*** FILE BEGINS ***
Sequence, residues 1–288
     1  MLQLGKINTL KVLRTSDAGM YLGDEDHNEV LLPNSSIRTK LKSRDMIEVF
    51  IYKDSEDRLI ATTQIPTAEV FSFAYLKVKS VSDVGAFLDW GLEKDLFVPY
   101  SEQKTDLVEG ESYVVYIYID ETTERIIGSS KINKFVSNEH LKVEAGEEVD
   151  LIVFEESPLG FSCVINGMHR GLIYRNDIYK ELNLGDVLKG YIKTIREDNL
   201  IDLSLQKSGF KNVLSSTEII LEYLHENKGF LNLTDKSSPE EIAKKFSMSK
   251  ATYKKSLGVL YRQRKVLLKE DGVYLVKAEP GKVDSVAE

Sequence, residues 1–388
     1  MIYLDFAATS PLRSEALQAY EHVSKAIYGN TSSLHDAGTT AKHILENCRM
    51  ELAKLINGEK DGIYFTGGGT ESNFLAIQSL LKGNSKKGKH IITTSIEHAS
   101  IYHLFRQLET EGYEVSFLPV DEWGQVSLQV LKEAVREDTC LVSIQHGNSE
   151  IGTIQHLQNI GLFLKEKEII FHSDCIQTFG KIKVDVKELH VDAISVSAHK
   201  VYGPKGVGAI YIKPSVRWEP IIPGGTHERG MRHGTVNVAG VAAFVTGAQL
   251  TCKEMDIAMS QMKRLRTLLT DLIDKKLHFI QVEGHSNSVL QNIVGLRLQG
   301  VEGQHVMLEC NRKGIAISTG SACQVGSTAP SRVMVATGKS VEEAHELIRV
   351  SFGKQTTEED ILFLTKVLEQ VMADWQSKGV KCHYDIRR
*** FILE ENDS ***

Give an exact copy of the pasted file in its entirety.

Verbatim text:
Sequence, residues 1–288
     1  MLQLGKINTL KVLRTSDAGM YLGDEDHNEV LLPNSSIRTK LKSRDMIEVF
    51  IYKDSEDRLI ATTQIPTAEV FSFAYLKVKS VSDVGAFLDW GLEKDLFVPY
   101  SEQKTDLVEG ESYVVYIYID ETTERIIGSS KINKFVSNEH LKVEAGEEVD
   151  LIVFEESPLG FSCVINGMHR GLIYRNDIYK ELNLGDVLKG YIKTIREDNL
   201  IDLSLQKSGF KNVLSSTEII LEYLHENKGF LNLTDKSSPE EIAKKFSMSK
   251  ATYKKSLGVL YRQRKVLLKE DGVYLVKAEP GKVDSVAE

Sequence, residues 1–388
     1  MIYLDFAATS PLRSEALQAY EHVSKAIYGN TSSLHDAGTT AKHILENCRM
    51  ELAKLINGEK DGIYFTGGGT ESNFLAIQSL LKGNSKKGKH IITTSIEHAS
   101  IYHLFRQLET EGYEVSFLPV DEWGQVSLQV LKEAVREDTC LVSIQHGNSE
   151  IGTIQHLQNI GLFLKEKEII FHSDCIQTFG KIKVDVKELH VDAISVSAHK
   201  VYGPKGVGAI YIKPSVRWEP IIPGGTHERG MRHGTVNVAG VAAFVTGAQL
   251  TCKEMDIAMS QMKRLRTLLT DLIDKKLHFI QVEGHSNSVL QNIVGLRLQG
   301  VEGQHVMLEC NRKGIAISTG SACQVGSTAP SRVMVATGKS VEEAHELIRV
   351  SFGKQTTEED ILFLTKVLEQ VMADWQSKGV KCHYDIRR